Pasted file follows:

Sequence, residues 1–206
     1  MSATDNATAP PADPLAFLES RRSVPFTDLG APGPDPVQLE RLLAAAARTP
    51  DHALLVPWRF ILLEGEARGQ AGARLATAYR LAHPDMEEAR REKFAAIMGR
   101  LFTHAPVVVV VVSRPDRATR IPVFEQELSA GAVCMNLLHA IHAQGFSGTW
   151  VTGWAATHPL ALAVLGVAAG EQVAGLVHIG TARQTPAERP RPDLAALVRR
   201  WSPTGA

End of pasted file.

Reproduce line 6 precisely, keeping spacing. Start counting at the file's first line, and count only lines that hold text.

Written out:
   201  WSPTGA